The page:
Posted at 05:59 AM on May 21, 2014 in category Books
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Thursday April 24, 2014

Should Wayne LaPierre Clean Up After Mass Shootings? An Excerpt from Stephen King's 'Guns'

“One only wishes Wayne LaPierre and his NRA board of directors could be drafted to some of these scenes, where they would be required to put on booties and rubber gloves and help clean up the blood, the brains, and the chunks of intestine still containing the poor wads of half-digested food that were some innocent bystander’s last meal ...

”Seung-Hui Cho, the Virginia Tech shooter, carried a Glock 19 with a mag capacity of fifteen rounds. He had nineteen clips for it. In addition, he carried a Walther P22 with a ten-shot mag. In all, he was carrying four hundred rounds of ammo. He killed thirty-two students and wounded seventeen more before killing himself.

“Dylan Klebold, one of the Columbine shooters, carried an Intratec DC9M machine-pistol, more commonly called a Tec-9. With an extended box-type magazine, the Tec-9 can fire up to fifty rounds without reloading. Harris and Klebold killed thirteen and wounded twenty-one.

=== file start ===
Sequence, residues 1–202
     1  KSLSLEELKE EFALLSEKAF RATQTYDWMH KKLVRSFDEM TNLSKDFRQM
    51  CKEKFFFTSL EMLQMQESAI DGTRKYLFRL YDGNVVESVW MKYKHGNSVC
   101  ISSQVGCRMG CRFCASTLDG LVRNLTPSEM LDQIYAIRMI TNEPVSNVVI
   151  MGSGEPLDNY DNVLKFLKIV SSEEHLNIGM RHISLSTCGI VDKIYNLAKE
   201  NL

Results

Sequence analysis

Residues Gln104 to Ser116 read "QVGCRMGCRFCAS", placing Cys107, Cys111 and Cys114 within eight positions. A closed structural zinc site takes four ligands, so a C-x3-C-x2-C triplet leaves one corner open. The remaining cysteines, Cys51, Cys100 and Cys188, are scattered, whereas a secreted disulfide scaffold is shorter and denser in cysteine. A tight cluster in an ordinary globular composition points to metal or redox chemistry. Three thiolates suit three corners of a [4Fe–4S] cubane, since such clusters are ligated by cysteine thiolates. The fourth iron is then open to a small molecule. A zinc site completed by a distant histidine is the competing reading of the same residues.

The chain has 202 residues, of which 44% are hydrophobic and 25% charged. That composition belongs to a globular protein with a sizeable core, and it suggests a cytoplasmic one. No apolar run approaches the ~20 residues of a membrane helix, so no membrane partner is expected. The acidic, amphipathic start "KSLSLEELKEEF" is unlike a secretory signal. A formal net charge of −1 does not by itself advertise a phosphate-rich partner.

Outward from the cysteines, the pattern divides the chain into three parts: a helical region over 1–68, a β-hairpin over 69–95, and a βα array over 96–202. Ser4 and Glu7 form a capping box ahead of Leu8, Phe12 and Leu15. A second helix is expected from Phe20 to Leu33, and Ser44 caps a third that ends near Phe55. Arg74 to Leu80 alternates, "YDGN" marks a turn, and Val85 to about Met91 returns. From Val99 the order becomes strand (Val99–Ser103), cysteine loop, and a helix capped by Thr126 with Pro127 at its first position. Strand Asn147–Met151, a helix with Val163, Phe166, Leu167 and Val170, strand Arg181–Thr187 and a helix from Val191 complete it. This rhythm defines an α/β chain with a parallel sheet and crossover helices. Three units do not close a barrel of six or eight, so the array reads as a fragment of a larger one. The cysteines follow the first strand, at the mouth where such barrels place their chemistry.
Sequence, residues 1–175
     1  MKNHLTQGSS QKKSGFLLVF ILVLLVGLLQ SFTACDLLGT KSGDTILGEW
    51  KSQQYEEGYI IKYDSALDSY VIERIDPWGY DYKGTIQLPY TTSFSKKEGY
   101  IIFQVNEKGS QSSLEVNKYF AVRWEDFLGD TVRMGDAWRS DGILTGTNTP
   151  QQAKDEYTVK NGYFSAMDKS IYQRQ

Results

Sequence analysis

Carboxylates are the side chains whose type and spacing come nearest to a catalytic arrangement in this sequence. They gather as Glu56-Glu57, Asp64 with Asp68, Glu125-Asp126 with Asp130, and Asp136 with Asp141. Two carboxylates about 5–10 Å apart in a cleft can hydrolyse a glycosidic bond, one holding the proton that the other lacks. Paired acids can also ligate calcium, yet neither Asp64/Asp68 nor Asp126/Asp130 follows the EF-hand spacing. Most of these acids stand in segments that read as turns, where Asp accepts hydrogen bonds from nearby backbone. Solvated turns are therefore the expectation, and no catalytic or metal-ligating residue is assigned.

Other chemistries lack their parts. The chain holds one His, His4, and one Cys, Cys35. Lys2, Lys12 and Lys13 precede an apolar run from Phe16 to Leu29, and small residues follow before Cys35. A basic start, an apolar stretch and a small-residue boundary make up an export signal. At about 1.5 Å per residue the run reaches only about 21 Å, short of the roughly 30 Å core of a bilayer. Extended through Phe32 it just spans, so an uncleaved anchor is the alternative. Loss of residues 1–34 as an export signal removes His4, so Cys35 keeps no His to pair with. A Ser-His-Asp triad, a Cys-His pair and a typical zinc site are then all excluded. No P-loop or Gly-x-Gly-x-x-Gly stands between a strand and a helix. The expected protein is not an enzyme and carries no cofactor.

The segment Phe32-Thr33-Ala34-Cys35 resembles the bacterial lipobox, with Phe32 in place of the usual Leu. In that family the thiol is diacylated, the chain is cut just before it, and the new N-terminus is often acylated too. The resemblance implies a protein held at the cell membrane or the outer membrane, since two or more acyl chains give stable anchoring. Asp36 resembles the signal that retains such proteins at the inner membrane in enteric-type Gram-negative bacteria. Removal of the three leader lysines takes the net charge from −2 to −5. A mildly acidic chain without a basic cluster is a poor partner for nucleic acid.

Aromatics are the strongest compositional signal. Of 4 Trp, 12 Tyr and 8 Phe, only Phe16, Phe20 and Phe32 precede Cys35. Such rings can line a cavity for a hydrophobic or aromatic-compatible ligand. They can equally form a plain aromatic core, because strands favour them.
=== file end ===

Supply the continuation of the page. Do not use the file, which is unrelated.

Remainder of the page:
”Like Seung-Hui Cho, Jared Loughner carried a Glock 19. He killed six, including a child of 9, and wounded fourteen. According to one witness to the event that seriously wounded Congressman Gabby Giffords, Loughner was able to fire so fast that the killing was over before many of the horrified onlookers realized what was happening and opened their mouths to scream.

“James Holmes, who killed twelve and wounded fifty-eight in an Aurora, Colorado, movie theater, was carrying an M-16 rifle (thirty-round capacity) and a .40 caliber Glock, with a clip that can hold up to seventeen rounds.

”In addition to the Glock 10 Adam Lanza used to kill himself, he carried a Bushmaster AR-15, a light, easily handled, pistol-gripped semiautomatic rifle that can fire thirty rounds in under a minute. In his war against the first grade, Lanza fired multiple thirty-round clips.

“As for the Glock: it was pried from his cold dead hands.”

-- from “Guns: A Kindle Single,” by Stephen King. It's a short read, and the first half is so-so (I don't buy his argument on how America doesn't have a violent culture), but the second half makes up for it. Plus it's only 99 cents anytime.

Guns, a Kindle Single, by Stephen King

Posted at 02:50 PM on Apr 24, 2014 in category Books